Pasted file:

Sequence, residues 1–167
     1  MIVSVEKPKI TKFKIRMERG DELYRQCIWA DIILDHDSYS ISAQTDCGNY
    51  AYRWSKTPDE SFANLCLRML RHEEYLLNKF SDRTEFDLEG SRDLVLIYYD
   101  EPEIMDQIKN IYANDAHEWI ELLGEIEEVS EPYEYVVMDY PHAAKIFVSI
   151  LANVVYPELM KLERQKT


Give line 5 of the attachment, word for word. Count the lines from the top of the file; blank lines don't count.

   151  LANVVYPELM KLERQKT